Moreover, since Manafort knows the Russian oligarchs and criminal elements, it is not impossible that he has incidental information about Trump moneylaundering via Moscow.

If Mueller indicts Trump, that is a constitutional crisis. If Mueller hands over irrefutable evidence of criminal wrongdoing to the Department of Justice, that is a constitutional crisis. If he hands the dossier over to Congress, that is a constitutional crisis. This plane does not have a soft landing, folks. Fasten your seatbelts.

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Bonus video:

PBS NewsHour: “What will Paul Manafort’s cooperation mean for the Russia probe?”

Accusation of 1980s Sexual Assault Dogs Brett Kavanaugh, Trump’s Supreme Court Nominee

Sat, 15 Sep 2018 - 12:52am

Washington (AFP) – President Donald Trump’s conservative pick for the Supreme Court Brett Kavanaugh denied Friday involvement in an alleged sexual assault on a woman while they were in high school in the 1980s.

In a statement released to US media, Kavanaugh rejected the woman’s claim, made in a letter to the Democrats vetting his nomination, that he tried to force himself on her during a party.

“I categorically and unequivocally deny this allegation. I did not do this back in high school or at any time,” Kavanaugh said in the statement.

The allegation came just one week before the Senate Judiciary Committee is to vote on his nomination. If approved by the committee and the whole Senate, as expected, Kavanaugh is likely to decidedly tilt the court to the conservatives for years to come.

Democrats fighting the nomination say that could turn the court away from guaranteed abortion rights, against programs that benefit disadvantaged minorities, and for greater presidential immunity from the law.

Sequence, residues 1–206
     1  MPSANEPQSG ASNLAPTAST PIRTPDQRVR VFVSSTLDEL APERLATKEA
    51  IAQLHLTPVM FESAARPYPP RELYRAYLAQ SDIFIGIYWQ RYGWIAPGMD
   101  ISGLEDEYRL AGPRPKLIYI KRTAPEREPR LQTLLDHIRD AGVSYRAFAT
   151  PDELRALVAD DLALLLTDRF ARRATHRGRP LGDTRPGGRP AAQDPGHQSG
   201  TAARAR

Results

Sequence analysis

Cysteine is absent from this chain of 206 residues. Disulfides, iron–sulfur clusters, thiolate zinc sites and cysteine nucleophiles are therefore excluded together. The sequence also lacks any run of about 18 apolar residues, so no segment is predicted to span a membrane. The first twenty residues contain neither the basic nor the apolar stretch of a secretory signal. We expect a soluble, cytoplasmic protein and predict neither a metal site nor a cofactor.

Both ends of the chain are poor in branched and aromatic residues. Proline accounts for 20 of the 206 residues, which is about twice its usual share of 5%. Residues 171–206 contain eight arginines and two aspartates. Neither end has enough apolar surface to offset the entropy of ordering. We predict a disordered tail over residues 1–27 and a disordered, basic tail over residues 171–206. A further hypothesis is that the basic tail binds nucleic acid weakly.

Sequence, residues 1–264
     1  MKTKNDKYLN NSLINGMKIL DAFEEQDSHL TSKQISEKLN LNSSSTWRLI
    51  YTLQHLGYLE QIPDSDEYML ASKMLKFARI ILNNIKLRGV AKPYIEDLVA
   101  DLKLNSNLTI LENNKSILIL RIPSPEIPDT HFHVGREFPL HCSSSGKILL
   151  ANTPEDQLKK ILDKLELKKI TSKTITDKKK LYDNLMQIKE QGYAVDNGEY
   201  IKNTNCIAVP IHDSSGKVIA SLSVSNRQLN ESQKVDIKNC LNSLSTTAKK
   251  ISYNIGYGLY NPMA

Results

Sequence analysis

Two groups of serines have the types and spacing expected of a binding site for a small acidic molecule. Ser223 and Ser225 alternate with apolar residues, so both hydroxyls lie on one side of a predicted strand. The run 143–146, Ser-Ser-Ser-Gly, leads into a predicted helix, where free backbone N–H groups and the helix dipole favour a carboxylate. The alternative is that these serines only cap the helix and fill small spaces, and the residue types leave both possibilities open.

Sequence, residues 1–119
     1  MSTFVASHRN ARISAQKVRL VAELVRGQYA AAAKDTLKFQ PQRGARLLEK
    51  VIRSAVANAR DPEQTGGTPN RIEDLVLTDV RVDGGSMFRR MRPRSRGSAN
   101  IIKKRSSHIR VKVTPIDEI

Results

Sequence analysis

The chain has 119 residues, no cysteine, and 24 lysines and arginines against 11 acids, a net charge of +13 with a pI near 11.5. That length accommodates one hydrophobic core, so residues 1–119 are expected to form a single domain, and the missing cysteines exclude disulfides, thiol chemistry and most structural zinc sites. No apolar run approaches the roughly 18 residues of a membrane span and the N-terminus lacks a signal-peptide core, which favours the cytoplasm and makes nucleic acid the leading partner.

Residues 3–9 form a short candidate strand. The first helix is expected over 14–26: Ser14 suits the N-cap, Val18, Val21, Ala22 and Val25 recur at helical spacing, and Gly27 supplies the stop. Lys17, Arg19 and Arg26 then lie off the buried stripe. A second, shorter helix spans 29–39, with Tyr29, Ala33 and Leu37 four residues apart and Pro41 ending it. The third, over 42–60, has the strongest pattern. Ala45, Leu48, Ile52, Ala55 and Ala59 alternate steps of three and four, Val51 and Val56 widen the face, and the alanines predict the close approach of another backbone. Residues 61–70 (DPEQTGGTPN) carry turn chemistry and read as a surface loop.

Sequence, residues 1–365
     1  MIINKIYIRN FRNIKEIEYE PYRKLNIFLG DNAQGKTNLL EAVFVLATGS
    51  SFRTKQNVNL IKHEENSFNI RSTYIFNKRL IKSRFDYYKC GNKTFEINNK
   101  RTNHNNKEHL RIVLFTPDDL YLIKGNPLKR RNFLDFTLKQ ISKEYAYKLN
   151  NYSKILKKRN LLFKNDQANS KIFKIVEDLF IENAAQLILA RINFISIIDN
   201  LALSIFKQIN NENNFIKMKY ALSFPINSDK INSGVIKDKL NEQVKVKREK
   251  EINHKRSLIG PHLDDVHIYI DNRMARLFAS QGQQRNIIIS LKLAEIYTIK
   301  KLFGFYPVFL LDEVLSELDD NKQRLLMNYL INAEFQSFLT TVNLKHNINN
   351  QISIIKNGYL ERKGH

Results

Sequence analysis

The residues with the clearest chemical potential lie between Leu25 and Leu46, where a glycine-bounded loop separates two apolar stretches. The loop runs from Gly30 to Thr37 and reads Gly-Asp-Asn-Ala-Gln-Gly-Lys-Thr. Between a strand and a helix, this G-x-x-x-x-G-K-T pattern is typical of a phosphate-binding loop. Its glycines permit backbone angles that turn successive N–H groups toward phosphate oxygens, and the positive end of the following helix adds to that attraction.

On Thursday, Senator Dianne Feinstein, the senior Democrat on the Judiciary Committee, announced cryptically that she had forwarded to the Federal Bureau of Investigation “information from an individual concerning the nomination.”

The information came from an individual who wanted to remain anonymous and had declined to press the issue themselves, Feinstein said.

According to an account in The New Yorker, the incident happened while Kavanaugh, now 53, attended the elite Georgetown Preparatory Catholic all-boys high school in suburban Washington.

The woman, from a nearby high school, was allegedly at a party where the youths were drinking alcohol.

In a room with the woman, Kavanaugh and another male teen turned up the music and placed their hands over her mouth so that no one could hear, and Kavanaugh “attempted to force himself on her,” The New Yorker reported, citing the woman’s account.

She struggled with them and escaped, the account said.

The woman “said that the memory had been a source of ongoing distress for her, and that she had sought psychological treatment as a result,” The New Yorker added.

Kavanaugh was quickly defended by friends and acquaintances from the time who cast doubts on the alleged incident.

A group of 65 women signed a letter attesting to his character.

“Through the more than 35 years we have known him, Brett has stood out for his friendship, character, and integrity. In particular, he has always treated women with decency and respect. That was true when he was in high school, and it has remained true to this day,” they said.

Republican Senator Orrin Hatch, senior member of the Senate Judiciary Committee, said he did not “intend to allow Judge Kavanaugh’s confirmation to be stalled because of an 11th hour accusation that Democrats did not see fit to raise for over a month.”

Ronan Farrow, who co-authored The New Yorker article, told CNN that some members of the Senate Judiciary Committee “feel that there was a missed opportunity to fully interrogate this allegation.”

Featured Photo: AFP/File / SAUL LOEB. Trump Supreme Court nominee Brett Kavanaugh has denied sexually assaulting a women while they were in high school in the 1980s.